Today’s Special: Data Area Surprise!
January 25, 2006 Ted Holt
Data areas are as handy as pockets. Maybe that’s because they are like pockets in that you can stuff things into them. RPG, like other iSeries programming languages, can read and modify data areas. In fact, RPG allows for two different data area I/O methods, and one of them has a “feature” that could give you a nasty surprise!
If you want an RPG program to read and/or change a data area, you have two options. You can let the RPG cycle handle the input and output operations, or you can control the I/O by hand. The easier method is to let the cycle do the work, so let’s look at it first.
To tell the RPG cycle that you want it to control data area input and output, create a named data structure with the U option in the definition specs. Here’s how to create a data structure for the data area named STATUS.
D Status uds D Stat 1 8 /free Stat = 'BR-549';
The data structure must have a name. If you omit the name, the program will access the local data area.
If the data area’s name is different from the data area name, use the DTAARA keyword to specify the object name. In this example, the data structure is named STATUS, but the object name is PGMSTAT.
D Status uds dtaara('PGMSTAT') D Stat 1 8 /free Stat = 'BR-549';
When the program begins to run, it allocates the data area with a lock and brings its contents into storage. When the program ends, it updates the data area and releases the lock. Nothing to it.
The other method is the procedural method. Use the IN, OUT, and UNLOCK op codes to control data area I/O in calculations. The following example retrieves the current value of a data area, assigns a new value, and writes the changed value back to the data area object.
D Status ds 8 dtaara('STATUS') /free in *lock Status; Status = 'BR-549'; out Status;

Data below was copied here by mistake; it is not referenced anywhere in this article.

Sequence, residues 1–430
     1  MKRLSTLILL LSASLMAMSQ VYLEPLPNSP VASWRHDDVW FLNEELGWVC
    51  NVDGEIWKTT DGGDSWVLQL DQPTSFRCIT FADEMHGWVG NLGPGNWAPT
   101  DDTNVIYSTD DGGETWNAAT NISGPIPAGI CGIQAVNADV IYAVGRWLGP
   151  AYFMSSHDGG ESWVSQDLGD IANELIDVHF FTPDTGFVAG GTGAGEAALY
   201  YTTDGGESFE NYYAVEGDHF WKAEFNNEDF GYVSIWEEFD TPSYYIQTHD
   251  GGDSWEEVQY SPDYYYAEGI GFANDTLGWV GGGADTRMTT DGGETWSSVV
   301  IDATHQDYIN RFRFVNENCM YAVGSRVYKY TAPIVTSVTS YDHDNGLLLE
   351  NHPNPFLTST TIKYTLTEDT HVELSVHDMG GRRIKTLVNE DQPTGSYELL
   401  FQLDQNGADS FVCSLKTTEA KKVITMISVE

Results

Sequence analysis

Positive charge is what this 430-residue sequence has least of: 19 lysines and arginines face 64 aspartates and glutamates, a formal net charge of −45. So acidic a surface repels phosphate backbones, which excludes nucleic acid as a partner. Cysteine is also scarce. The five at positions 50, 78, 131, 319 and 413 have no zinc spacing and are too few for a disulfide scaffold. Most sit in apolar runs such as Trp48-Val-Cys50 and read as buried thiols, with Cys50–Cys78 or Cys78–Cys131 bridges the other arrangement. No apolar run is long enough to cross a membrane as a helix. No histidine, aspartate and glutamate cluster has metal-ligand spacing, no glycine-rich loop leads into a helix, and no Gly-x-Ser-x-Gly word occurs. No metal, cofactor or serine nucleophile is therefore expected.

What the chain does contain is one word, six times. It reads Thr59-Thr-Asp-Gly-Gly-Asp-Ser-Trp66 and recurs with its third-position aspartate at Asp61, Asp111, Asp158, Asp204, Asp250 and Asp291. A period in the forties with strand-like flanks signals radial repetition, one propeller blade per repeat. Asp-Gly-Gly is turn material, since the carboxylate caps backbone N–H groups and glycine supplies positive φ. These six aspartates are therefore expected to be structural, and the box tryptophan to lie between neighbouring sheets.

So which is the better method? I vote for the procedural method. For one reason, under the cycle method, the data area remains locked for the duration of the program run, even if the program does not change the data area’s value. In some cases, such as when run time is short, locking the data area is of no importance. But when run time is longer and other programs may also need to access the data area, keeping the data area locked is out of the question.
But what concerns me more is that the cycle method includes a “feature” that I don’t like. If the data area is not found at run time, the system takes it on itself to create a data area of the proper name in the QTEMP library. Surprise! If by some fluke the desired data area has been deleted, the program does not halt, as it does when data area I/O is handled with the IN and OUT op codes, but creates a temporary data area and keeps on truckin’. I do not like to take such risks.
Not only are there two ways to read and modify data areas, there are also two ways to define data areas–in calculation specifications and in definition specifications. The D-spec method is the “new and improved” one, so that is the definition method I use and the one I recommend others to use. One interesting feature of the D-spec method is you may specify DTAARA(*VAR) in a D spec in order to specify the name of a data area object at run time. The DEFINE op code, on the other hand, binds to the object name at compilation.
To learn more about the C-spec method, read about the DEFINE op code (DEFN in RPG III).